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Why do Brits wear poppies during autumn?

Question asked by Olafemi from Nigeria


WE don’t often get too serious in Ask A Brit, but this time of year can be sombre in the UK. You may notice that many people start to wear poppies during October and November. These are to commemorate soldiers who have died in battle since World War I.

All of this culminates on November 11, called Remembrance (or Armistice) Day. It is the day that World War I finally ended in 1918; a four-year war that killed more than nine million soldiers. At 11am on November 11, a two minutes silence is observed across the country to commemorate the dead. Even though Remembrance Day is a very British affair, the idea of wearing poppies originated in 1920s USA.

The use of the poppies was inspired by In Flanders Fieldsa poem written by Canadian Lieutenant Colonel John McCrae in 1915. Many of the high casualty battles took place in poppy fields and their red petals came to signifying the blood spilled during the conflict. Poppies have also been adopted by veterans in Canada, Australia and New Zealand.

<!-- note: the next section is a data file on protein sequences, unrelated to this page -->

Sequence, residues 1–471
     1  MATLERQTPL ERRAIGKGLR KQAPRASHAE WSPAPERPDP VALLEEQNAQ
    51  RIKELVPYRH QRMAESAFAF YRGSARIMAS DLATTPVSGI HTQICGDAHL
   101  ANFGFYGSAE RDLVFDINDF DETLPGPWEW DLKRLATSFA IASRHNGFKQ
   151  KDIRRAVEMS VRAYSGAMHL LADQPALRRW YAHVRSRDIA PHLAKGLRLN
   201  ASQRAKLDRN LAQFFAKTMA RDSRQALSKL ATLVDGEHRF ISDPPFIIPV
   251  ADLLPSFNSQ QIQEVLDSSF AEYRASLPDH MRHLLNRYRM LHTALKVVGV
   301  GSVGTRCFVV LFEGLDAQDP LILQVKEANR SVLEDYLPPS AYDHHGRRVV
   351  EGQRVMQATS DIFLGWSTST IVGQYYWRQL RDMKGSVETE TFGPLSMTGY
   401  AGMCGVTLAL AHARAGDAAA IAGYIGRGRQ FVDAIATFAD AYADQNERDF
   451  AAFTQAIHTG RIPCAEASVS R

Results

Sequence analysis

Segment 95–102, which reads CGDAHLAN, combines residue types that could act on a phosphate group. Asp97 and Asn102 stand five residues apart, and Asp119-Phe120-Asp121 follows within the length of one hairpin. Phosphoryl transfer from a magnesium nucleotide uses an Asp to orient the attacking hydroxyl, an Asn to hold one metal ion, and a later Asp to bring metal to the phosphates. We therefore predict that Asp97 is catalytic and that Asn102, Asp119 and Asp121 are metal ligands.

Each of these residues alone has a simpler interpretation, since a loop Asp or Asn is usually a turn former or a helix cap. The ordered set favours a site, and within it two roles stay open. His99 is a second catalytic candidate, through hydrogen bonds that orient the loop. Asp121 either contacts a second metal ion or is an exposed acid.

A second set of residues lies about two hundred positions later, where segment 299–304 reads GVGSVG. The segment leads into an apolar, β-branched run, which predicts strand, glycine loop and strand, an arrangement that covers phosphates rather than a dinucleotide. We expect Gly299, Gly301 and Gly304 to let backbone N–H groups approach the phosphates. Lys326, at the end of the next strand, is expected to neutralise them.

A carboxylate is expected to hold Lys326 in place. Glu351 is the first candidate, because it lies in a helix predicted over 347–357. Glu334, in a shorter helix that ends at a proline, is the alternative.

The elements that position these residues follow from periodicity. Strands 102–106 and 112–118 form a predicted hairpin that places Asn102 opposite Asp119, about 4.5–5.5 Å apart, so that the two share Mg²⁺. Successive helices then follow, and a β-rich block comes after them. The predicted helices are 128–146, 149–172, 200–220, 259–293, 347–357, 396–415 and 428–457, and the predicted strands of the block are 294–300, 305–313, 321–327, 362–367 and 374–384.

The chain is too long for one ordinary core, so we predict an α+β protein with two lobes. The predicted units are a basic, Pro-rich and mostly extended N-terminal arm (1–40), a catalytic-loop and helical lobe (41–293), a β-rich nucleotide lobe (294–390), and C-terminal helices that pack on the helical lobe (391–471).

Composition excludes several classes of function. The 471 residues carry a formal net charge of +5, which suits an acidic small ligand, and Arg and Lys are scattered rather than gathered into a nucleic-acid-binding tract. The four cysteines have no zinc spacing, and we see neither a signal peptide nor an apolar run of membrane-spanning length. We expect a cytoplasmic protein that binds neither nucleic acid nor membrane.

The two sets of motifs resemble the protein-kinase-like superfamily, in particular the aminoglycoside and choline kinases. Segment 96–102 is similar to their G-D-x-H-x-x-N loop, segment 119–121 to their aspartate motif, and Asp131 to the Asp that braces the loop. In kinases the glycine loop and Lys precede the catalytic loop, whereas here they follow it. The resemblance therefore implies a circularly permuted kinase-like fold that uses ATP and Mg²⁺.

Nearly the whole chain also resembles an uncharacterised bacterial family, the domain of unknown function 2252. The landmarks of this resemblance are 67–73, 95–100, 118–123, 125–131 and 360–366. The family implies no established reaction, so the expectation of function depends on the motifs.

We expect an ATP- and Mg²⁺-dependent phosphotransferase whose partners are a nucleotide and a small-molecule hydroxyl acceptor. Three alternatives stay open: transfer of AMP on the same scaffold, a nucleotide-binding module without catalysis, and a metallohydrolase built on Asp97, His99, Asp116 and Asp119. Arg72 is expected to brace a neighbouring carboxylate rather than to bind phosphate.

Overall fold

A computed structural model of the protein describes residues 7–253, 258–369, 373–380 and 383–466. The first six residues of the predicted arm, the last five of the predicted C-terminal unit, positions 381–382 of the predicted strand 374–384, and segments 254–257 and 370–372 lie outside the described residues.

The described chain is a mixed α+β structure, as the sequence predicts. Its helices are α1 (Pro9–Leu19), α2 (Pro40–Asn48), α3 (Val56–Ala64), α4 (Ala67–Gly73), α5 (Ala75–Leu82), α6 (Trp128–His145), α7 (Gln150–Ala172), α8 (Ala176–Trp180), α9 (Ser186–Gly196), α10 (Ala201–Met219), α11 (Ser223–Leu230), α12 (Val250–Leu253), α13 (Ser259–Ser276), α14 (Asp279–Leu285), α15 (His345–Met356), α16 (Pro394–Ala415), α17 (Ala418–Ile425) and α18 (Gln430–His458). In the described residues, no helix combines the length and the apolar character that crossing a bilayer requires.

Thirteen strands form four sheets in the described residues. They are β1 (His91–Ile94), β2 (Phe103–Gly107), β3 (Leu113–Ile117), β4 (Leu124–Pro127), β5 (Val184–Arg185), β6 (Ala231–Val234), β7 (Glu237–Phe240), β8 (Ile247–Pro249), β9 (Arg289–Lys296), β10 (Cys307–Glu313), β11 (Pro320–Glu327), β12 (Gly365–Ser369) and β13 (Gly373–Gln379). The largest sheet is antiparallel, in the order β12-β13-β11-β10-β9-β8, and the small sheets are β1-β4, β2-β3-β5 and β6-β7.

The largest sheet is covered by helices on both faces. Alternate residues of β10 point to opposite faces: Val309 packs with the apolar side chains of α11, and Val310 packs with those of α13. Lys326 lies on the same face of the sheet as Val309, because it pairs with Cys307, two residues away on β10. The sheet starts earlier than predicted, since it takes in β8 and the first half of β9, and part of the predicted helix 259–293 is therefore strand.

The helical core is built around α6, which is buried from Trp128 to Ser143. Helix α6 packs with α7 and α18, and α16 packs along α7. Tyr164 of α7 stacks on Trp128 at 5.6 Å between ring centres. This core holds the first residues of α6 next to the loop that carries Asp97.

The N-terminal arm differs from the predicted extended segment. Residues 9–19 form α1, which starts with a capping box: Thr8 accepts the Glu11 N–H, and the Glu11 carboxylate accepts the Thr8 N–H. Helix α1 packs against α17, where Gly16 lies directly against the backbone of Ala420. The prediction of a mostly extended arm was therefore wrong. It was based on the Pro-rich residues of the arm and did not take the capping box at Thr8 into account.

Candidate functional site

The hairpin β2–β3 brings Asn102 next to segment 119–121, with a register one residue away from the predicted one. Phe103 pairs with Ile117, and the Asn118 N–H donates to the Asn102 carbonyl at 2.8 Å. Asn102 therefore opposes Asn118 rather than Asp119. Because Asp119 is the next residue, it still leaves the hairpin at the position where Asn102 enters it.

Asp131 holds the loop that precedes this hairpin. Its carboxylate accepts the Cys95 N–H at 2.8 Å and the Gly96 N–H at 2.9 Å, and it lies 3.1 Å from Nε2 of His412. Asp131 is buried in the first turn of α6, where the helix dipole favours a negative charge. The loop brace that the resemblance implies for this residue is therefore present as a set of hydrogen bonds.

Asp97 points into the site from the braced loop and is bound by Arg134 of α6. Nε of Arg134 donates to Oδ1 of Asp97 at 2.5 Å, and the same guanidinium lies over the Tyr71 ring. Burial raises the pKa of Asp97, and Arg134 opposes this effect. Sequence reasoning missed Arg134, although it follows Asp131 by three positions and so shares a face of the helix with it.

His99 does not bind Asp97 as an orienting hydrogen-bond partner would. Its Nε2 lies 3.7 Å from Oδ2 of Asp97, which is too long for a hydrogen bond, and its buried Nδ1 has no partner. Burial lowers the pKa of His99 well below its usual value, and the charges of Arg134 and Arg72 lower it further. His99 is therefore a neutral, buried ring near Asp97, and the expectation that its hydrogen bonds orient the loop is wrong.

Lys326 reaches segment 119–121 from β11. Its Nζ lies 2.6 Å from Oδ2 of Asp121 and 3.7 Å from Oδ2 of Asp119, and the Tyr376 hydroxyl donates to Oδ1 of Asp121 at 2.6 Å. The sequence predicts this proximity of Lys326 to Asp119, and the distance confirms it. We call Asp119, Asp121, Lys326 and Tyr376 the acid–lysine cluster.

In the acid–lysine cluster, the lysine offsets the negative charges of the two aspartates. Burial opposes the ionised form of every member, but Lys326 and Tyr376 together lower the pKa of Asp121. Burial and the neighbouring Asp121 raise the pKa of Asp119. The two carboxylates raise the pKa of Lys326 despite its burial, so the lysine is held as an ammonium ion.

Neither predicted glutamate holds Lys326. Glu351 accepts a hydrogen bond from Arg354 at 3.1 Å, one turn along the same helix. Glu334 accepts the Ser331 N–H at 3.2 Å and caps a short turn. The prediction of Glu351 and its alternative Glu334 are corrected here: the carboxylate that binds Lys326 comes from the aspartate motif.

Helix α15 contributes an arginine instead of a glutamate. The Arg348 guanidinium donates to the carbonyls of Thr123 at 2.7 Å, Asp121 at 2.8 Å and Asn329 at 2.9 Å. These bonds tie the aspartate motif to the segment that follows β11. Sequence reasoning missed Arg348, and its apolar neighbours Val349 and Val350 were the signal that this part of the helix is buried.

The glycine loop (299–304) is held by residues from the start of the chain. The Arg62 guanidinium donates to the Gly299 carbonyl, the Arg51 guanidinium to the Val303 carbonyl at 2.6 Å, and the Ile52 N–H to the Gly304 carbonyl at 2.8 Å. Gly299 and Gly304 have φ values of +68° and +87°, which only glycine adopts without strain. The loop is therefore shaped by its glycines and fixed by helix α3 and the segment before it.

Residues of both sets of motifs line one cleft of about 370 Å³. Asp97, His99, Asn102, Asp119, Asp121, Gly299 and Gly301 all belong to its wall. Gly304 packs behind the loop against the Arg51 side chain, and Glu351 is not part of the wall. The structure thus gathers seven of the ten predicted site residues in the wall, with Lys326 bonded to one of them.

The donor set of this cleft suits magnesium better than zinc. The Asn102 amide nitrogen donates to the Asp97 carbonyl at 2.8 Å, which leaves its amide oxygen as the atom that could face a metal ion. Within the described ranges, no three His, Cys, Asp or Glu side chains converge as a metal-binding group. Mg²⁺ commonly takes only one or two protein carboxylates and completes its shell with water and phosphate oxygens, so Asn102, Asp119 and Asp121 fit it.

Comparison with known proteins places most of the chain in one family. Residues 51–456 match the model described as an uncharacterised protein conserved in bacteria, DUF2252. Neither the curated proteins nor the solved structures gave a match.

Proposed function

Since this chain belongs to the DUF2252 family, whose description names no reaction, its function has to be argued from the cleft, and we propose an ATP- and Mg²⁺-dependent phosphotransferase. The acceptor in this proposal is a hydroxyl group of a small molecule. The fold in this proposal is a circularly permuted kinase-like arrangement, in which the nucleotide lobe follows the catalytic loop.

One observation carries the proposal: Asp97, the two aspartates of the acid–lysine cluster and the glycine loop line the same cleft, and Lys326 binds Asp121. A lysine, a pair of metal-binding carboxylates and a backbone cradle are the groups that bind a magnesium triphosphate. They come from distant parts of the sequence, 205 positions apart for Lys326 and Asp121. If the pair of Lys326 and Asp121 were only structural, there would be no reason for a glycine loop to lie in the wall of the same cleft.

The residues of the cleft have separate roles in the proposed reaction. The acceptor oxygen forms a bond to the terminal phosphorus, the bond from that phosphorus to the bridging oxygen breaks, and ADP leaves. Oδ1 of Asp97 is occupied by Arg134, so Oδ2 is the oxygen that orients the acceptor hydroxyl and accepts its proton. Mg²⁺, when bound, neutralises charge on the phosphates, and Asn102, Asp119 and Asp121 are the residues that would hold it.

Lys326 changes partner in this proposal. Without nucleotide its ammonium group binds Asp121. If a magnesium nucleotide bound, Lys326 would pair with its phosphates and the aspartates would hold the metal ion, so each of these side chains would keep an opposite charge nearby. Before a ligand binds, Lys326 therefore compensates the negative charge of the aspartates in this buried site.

Poppies are sold in the UK by the Royal British Legion except in Scotland where they’re sold by the Earl Haig Fund. A team of former soldiers put together every poppy sold; a process that can take most of the year. All poppies are bought by donation, so you can choose the amount of money you put into the collection buckets or tins.

Some people start to wear poppies on their clothing from mid-October, although it’s usually the penultimate week of the month that collections start. Some believe that men should wear their poppy on the left of their coat/jacket and women on the right, but the Royal British Legion say that the only rule is to “wear it with pride”.

There are a variety of poppies available to wear. The white poppy represents peace, while purple poppies are worn to remember service animals that died in battle. These poppies are usually worn as an alternative to the red poppy (or to complement it) and are created by companies separate from the Royal British Legion.

Us Brits have some unwritten rules for ‘poppy etiquette’, which we have covered here.

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